Sunday, March 6, 2016

Bring on the Soup!

Date Aircraft Route of Flight Time (hrs) Total (hrs)
06 Mar 2016 N21481 SDC (Sodus, NY) - 5G0 (Le Roy, NY) - GVQ (Batavia, NY) -
ROC (Rochester, NY) - SDC
2.5 1512.6

As January drew to a close, I logged a tenth of an hour in the clouds. I struggled to track the course assigned to me by air traffic control, though perhaps that was because I was extremely focused on whether my airplane was picking up ice. Whether this distraction played into my ability to hold a heading or not, I ended the episode concerned that my instrument skills had atrophied significantly since I last used them in September of 2015.

I spent an entire week ill enough to miss two days worth of work, but the forecast for Sunday was so perfect that I arranged to fly with Dave P from the Williamson Flying Club as my safety pilot. Fortunately, I was largely recovered by Saturday, though I found myself struggling to sleep Saturday night. When I met Dave at the airport Sunday morning, I felt alert enough, but wondered if that would still be the case in the air. I warned him that I might not be up to the task and that we would  abort if that was the case.

GPS ground track collected by ForeFlight and output to Google Earth

The plan was to launch from Sodus (SDC), track to the Geneseo VOR (GEE), execute a "hold in lieu of procedure turn (HILPT) to get myself turned around, and fly the non-precision VOR-A approach into Le Roy (5G0). Flying the published missed approach procedure would take us back to the Geneseo VOR for one turn in the hold followed by a departure to the northwest on the ILS-28 procedure into Genesee County Aiport (GVQ). We would fly the published missed approach, which requires tracking outbound on the localizer with the associated reverse sensing of the cockpit instrumentation ("drag the needle!"), then holding at POCZI, which is defined as the intersection of the localizer and a radial off of the Rochester VOR. From there, we would fly the ILS-22, the RNAV-25, and the ILS-28 at Rochester before returning to Sodus to fly the RNAV-28.

It was an ambitious plan considering my questionable physical and mental condition, but we flew the whole thing and it all went very well.

GPS ground track of HILPT procedures at the Geneseo VOR (GEE)

No one really likes holds very much, myself included, but I wanted to ensure that I did multiple hold entries for practice. Inbound to GEE from the northeast, I executed a parallel entry, did one full circuit in the hold, then departed to the northwest on the VOR approach into Le Roy while Dave visually monitored our position relative to a scattered layer of clouds that somehow managed to stay out of our way. There was a lot of traffic in the area as well and the TIS-B traffic display was useful in sorting it all out. After following the sometimes-squirrelly VOR signal until the Warrior crossed over the top of the Le Roy Airport, we returned to Geneseo, entered the hold using a teardrop entry, then departed for Genesee County. After all of these gyrations, both mental and spatial, I was surprised to find my airmanship tightening up and I decided to continue with the rest of the plan.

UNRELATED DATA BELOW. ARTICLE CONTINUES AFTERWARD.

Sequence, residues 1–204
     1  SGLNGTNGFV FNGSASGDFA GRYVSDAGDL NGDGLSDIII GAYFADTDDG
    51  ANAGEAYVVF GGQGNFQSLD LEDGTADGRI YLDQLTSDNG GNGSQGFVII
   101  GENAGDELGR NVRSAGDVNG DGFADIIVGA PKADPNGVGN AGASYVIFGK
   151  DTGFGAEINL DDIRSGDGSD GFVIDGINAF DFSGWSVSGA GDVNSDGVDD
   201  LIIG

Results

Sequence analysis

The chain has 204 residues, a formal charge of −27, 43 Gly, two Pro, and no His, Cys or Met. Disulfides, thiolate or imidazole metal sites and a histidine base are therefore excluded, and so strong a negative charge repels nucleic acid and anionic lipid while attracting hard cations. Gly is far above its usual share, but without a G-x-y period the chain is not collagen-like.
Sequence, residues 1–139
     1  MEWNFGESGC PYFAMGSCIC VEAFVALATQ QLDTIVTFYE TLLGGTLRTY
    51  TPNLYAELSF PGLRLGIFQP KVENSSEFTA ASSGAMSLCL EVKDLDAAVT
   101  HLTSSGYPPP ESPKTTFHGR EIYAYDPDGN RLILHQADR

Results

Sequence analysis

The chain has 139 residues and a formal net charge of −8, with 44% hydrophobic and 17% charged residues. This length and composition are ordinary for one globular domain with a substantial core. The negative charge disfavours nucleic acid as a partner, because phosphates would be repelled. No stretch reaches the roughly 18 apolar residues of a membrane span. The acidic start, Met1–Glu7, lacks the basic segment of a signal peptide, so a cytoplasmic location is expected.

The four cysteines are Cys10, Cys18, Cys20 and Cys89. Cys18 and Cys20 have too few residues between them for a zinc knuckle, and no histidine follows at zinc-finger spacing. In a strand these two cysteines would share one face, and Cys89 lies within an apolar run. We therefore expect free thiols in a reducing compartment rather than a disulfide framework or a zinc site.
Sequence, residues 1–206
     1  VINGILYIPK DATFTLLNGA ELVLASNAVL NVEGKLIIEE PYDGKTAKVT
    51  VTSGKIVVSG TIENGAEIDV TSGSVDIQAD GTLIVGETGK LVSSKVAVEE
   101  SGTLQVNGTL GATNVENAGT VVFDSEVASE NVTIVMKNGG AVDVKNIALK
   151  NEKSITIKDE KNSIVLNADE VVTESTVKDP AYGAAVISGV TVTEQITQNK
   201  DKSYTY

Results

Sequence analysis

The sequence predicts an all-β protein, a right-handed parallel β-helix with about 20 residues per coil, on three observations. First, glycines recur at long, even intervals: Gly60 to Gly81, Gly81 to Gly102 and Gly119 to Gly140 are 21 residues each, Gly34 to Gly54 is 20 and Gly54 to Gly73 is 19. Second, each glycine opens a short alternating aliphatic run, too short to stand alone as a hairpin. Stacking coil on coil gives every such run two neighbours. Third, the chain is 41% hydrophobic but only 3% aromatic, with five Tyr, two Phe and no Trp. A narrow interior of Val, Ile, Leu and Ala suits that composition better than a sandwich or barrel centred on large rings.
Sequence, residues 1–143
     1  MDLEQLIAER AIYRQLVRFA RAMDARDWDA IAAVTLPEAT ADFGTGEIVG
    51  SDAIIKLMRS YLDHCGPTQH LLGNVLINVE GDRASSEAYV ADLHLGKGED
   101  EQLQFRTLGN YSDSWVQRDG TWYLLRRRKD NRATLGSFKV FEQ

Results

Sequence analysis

As we intercepted the Genesee County Airport localizer at POCZI, I could not help but reflect on the first day I flew that approach with Tom. It was my first ILS, I was exhausted, and it was a complete disaster. Not so today; all went well. Poor Dave was trying to visually acquire multiple traffic targets called-out by Rochester Approach and, while the traffic display in ForeFlight was very helpful, he still struggled to get a visual on everything (I'm glad I'm not the only one with this problem).

GPS ground track for the approaches flown into Rochester

The three approaches into Rochester went smoothly. Though it was early March, most of the snow was gone and spring-like thermals worked to increase distractions and workload. I turned past assigned headings a couple of times while receiving vectors from Rochester, but caught it immediately in each case. My actual interceptions of the final approach courses were much crisper than past examples.

After one RNAV (GPS) and two ILS approaches into Rochester, we departed eastbound for Sodus. Just for variety, I "failed the vacuum system" by covering up the attitude and directional gyros and flew the RNAV-28 approach back into Sodus on a partial panel.

I brought the Warrior to a stop at the fuel farm, soaked in sweat after nearly 2.5 hours of hand flying six approaches in the thermals while under the hood. "You're a harsh taskmaster," I accused Dave ironically.

I was pleased. I started the morning wondering if I was competent and awake enough to fly at all and, not only was I able to fly well, but I exceeded my own performance expectations after a long lapse (my last time flying under the hood was October of 2015, 1.8 hours).

Bring on spring and bring on the soup!


  1. And you did some partial panel to boot.... Way to knock off the rust tough guy. Sounds like a great work out, you'll be ready for the soup!

    1. Yeah, I was thinking about you and how your buddy Mike always tortures you with the unexpected. I think I did a pretty good job of working myself over this morning. Huge confidence boost, though. And, frankly, after being sick for a weak and lying around like a slug for much of the time, it was good to feel alive again.